The opportunity to see Nevada’s similarities to the other side of the world can be experienced at the “Two Deserts, One Sky” art exhibit at the Alan Bible Visitor Center at Lake Mead National Recreation Area.
Wear Your Life Jacket to Work Day is Friday, and with it comes a reminder of the importance of water safety, especially when living close to Lake Mead National Recreation Area.
Tonight the public can witness something new: the Hoover Dam turning turquoise to help promote the fight against lung cancer.
Officials in Arizona have reached an impasse on a multistate agreement aimed at storing more Colorado River water in Lake Mead, but Southern Nevada Water Authority chief John Entsminger said he is confident the deal will still get done.
More than 7 million people visited Lake Mead National Recreation Area in 2016, generating a $369 million benefit to the local economy, according to a new report from the National Park Service.
The lower Colorado is the most-threatened river in America, a conservation advocacy group said in its annual report published this month.
Boat, pickup truck destroyed
One of the oldest buildings in Boulder City is getting some much-needed upgrades.
Local youngsters are invited to find out what it takes to be a park ranger and become an official Lake Mead National Recreation Area Junior Ranger at the annual Junior Ranger Day.
With snow piling up in the mountains that feed the Colorado River, the short-term outlook for Lake Mead has suddenly improved.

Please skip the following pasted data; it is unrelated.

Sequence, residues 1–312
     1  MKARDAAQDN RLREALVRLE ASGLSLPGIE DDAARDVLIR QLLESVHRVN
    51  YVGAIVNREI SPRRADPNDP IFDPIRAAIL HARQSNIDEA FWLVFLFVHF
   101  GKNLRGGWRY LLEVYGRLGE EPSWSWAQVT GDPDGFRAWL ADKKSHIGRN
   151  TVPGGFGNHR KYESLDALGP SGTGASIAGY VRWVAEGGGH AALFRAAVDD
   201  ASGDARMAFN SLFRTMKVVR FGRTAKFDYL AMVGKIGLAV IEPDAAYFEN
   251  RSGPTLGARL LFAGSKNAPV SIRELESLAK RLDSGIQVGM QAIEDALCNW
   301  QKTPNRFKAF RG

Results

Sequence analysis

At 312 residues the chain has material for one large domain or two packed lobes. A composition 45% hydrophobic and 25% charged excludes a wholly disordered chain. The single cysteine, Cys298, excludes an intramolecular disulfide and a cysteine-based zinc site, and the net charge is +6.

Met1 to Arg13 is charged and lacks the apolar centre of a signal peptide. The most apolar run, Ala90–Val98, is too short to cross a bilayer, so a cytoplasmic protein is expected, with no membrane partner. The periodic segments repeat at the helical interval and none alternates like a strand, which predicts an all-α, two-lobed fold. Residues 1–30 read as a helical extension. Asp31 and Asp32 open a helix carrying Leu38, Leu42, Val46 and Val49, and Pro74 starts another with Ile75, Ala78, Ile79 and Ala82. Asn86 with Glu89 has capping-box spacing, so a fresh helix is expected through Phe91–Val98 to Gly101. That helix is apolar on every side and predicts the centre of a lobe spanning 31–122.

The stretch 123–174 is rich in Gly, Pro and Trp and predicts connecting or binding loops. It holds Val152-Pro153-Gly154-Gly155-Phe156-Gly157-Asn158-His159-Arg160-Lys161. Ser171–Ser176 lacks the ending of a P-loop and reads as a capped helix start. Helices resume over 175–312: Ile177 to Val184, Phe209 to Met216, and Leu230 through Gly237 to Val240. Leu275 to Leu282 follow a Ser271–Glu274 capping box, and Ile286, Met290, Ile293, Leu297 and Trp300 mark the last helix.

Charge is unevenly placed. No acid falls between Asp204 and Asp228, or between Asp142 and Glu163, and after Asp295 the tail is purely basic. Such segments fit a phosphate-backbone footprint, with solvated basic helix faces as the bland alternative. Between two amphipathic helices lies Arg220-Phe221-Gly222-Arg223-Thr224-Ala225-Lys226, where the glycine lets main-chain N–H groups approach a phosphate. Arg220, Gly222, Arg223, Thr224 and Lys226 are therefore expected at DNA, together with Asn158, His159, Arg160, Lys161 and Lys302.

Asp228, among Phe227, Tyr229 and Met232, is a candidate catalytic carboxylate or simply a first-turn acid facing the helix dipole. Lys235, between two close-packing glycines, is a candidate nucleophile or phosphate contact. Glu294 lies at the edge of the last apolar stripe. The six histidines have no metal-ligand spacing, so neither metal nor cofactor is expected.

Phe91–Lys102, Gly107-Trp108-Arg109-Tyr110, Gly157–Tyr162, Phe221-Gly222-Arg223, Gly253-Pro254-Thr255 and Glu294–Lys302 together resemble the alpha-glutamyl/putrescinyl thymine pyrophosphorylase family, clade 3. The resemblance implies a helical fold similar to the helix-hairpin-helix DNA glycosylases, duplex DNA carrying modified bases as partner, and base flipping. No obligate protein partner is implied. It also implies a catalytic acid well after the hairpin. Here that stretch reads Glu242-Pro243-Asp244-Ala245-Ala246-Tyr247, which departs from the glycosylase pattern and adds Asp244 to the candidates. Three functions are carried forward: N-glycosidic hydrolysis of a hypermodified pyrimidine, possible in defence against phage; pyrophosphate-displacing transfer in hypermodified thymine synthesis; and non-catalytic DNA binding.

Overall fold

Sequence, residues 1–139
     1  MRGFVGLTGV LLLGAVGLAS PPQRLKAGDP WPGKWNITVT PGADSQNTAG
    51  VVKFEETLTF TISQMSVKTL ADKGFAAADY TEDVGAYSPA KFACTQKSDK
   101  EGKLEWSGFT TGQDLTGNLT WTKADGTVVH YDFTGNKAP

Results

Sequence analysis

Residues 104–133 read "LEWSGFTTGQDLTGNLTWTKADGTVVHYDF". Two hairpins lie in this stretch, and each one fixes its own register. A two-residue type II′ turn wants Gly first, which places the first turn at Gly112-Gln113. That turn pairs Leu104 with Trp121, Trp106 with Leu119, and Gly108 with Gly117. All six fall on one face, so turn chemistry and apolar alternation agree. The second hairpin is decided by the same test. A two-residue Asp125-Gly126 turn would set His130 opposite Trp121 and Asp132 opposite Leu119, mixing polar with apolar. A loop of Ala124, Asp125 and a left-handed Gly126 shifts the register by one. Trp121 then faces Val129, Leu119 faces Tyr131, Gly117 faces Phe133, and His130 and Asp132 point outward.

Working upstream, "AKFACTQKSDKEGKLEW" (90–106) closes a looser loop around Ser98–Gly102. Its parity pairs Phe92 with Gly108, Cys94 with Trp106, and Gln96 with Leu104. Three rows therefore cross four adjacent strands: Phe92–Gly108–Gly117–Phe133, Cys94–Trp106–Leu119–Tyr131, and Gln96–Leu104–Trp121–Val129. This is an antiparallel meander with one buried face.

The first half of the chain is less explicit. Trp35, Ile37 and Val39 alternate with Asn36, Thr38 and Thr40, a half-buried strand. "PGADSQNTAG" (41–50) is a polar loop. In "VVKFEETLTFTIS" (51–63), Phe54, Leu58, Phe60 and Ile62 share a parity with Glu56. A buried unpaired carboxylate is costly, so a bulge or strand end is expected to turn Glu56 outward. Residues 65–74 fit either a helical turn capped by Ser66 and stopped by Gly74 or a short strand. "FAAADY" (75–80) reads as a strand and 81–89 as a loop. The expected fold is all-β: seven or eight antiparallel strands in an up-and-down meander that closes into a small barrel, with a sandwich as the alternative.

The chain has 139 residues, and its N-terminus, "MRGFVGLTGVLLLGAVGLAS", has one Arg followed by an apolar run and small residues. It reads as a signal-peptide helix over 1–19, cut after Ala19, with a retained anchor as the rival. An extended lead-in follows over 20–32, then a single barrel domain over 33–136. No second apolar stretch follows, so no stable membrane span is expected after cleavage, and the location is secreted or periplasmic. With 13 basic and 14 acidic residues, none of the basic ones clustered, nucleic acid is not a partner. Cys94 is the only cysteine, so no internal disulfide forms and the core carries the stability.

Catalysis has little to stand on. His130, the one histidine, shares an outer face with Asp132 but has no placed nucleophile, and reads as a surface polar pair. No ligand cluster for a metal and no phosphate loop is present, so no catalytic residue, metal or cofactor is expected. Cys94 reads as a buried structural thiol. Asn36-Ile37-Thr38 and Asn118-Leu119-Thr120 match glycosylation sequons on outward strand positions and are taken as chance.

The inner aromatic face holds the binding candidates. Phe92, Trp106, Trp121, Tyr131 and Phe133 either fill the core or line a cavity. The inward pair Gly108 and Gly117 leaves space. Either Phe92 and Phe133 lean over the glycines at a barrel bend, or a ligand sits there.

Hoover gets all the glory, but Nevada is home to more than 650 dams, nearly a quarter of which are classified as “high hazard” because of what could happen if they fail.
Though the worst drought on record has been plaguing the Colorado River since 2000, the water situation for Boulder City residents may not be as dire as some people believe, according to multiple sources.
Dangling nearly 900 feet above the Colorado River, Ryan Nataluk deftly rappels down a rope while searching for cracked concrete pillars and corroded steel girders on the Mike O’Callaghan-Pat Tillman Memorial Bridge.
Climate change and sustainable energy were in the forefront Saturday at Lake Mead National Recreation Area as rangers and local experts came together for a presentation focused on exploring the evolving environment and energy needs in the Southwest.
On a cold and windy Jan. 12 morning, seven boats set out to different parts of lakes Mead and Mohave. The people on each boat were there for one reason: to survey the bald eagle population.